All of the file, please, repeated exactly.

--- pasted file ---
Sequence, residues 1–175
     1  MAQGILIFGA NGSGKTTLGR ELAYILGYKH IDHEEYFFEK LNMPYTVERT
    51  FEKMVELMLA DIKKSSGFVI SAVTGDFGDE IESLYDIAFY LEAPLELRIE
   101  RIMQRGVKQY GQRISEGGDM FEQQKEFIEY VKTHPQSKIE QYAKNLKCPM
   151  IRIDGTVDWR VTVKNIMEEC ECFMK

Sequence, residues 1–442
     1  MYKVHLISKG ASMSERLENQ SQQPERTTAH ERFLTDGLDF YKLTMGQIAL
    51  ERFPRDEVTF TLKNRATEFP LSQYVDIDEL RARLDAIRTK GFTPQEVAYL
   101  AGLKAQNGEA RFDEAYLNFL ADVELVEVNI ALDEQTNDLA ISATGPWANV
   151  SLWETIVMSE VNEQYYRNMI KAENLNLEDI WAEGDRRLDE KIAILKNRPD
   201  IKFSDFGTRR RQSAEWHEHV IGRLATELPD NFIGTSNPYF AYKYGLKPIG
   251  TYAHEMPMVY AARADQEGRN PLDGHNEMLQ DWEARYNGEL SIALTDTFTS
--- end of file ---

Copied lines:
Sequence, residues 1–175
     1  MAQGILIFGA NGSGKTTLGR ELAYILGYKH IDHEEYFFEK LNMPYTVERT
    51  FEKMVELMLA DIKKSSGFVI SAVTGDFGDE IESLYDIAFY LEAPLELRIE
   101  RIMQRGVKQY GQRISEGGDM FEQQKEFIEY VKTHPQSKIE QYAKNLKCPM
   151  IRIDGTVDWR VTVKNIMEEC ECFMK

Sequence, residues 1–442
     1  MYKVHLISKG ASMSERLENQ SQQPERTTAH ERFLTDGLDF YKLTMGQIAL
    51  ERFPRDEVTF TLKNRATEFP LSQYVDIDEL RARLDAIRTK GFTPQEVAYL
   101  AGLKAQNGEA RFDEAYLNFL ADVELVEVNI ALDEQTNDLA ISATGPWANV
   151  SLWETIVMSE VNEQYYRNMI KAENLNLEDI WAEGDRRLDE KIAILKNRPD
   201  IKFSDFGTRR RQSAEWHEHV IGRLATELPD NFIGTSNPYF AYKYGLKPIG
   251  TYAHEMPMVY AARADQEGRN PLDGHNEMLQ DWEARYNGEL SIALTDTFTS